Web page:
New England Grass Fed | Harissa – Not the Name of a Cheerleader
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Harissa – Not the Name of a Cheerleader

Harissa – Not the Name of a Cheerleader

It’s hot but it doesn’t wear a skirt. The ubiquitous presence of this spicy chili paste condiment on family tables across north Africa traces its origin to the Spanish conquest of the New World. From an NPR story following the Arab Spring of 2012 – “Chilies were cultivated and eaten in Mexico thousands of years ago by the Aztecs and the Mayans, and further south in Peru, by the Incas. They were valued as a stimulant with culinary and medicinal benefits. But it wasn’t until Christopher Columbus and crew arrived that pepper fever really took off. The spice-seeking Spanish and Portuguese shipped chilies back to Europe and thence to Spanish and Portuguese colonies in Africa, India and Southeast Asia.”

Harissa is a versatile staple in Moroccan and Tunisian cuisine with endless regional variations. They all feature a mix of ground peppers with garlic, oil, salt and spices, typically coriander and caraway. Other likely suspects include cumin, mint, and/or an acid component like lemon, lime or vinegar. Often found alongside chickpeas, soft-boiled eggs, fish stews and flatbread, we featured this fiery ketchup with our take on kuftas, grass-fed goat meatballs that are traditionally cooked in a tagine or conical clay steaming vessel.

The reviews at our weekend Farmers Market tasting were nothing short of remarkable. Several folks wanted the recipe and we are happy to continue our efforts to expand broad-based retail demand for chevon beyond Hispanic, Greek & Muslim ethnic enclaves. Goat is the most popular red meat in the world and.

The key is toasting your spices and using a mix of peppers for interesting flavor and desired heat profile. We started with a mix of around 20 dried Ancho, guajillo, pequin, and New Mexico peppers. You could also use arbol or cayenne. Deseed and rehydrate by pouring boiling water over peppers and leave to steep for an hour or more. Remove skins if you can. Toast 1 T coriander, 1 T caraway and 1 t cumin seeds for 4 minutes in a dry pan shaking frequently or constantly to prevent scorching. Should smell toasty and fragrant. Grind in a spice mill or coffee grinder cleaned by wiping down and grinding a handful of dry rice (you can toast pre-ground spices if you don’t have whole seed). Put everything into food processor with 8 cloves of smashed garlic with 1 teaspoon sea salt, 1/2 t white pepper and juice of 1 lime. Drizzle in olive oil while grinding to medium thick paste, pausing to wipe down sides with spatula. Add juice of half a lemon if you want to. Place in clean jar and top with olive oil to cover. Keeps one month.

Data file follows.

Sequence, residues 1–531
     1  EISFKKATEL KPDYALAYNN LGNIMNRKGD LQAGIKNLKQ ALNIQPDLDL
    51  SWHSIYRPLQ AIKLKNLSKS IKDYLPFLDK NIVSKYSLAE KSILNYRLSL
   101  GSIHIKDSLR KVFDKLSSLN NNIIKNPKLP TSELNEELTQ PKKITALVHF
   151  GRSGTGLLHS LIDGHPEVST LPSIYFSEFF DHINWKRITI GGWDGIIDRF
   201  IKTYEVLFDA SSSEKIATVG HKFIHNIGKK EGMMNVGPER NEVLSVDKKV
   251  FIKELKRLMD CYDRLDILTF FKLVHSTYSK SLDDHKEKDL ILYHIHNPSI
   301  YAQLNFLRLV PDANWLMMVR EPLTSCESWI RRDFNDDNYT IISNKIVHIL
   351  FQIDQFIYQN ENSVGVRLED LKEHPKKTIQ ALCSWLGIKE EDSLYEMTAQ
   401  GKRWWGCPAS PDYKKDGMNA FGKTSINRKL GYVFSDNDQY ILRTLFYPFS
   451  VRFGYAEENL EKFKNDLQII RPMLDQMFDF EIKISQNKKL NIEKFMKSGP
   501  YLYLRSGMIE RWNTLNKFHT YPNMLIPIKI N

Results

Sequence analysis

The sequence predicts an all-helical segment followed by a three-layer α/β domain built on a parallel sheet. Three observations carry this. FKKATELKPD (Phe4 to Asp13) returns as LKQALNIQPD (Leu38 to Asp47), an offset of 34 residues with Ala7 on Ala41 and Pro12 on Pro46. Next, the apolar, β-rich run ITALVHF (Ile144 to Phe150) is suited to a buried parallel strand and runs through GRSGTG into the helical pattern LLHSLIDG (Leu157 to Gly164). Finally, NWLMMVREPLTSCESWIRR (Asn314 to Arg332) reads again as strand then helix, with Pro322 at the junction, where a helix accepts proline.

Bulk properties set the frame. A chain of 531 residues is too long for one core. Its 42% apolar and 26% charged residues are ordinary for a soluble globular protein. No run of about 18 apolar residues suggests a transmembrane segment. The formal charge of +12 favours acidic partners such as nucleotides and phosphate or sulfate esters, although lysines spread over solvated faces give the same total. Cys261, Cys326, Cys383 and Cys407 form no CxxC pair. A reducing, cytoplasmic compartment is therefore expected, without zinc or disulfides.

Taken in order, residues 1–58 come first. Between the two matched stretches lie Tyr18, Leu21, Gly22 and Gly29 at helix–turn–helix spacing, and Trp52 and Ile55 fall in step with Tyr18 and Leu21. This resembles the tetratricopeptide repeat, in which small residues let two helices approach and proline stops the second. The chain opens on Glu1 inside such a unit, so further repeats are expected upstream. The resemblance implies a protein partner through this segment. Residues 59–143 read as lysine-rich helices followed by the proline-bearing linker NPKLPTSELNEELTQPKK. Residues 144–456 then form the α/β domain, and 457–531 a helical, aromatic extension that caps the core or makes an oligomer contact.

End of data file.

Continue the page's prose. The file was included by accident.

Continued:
Combine 4 lbs. ground chevon (grass-fed goat) with a day old loaf of torn Italian bread (soaked in water in a colander and squeezed to remove most of the water), 2-3 T of the toasted spices, 3-4 T tablespoons harissa, 3/4 C bread crumbs, 2T salt, 2T black pepper, 4 eggs and a handful of fresh chopped parsley. Mix well by hand and make 40-50 meatballs smaller than a golf ball. Place on baking sheet in 425 oven for 15 minutes. You want brown seared outside and still a little pink inside. Serve with cous cous and bowl of harissa as condiment.

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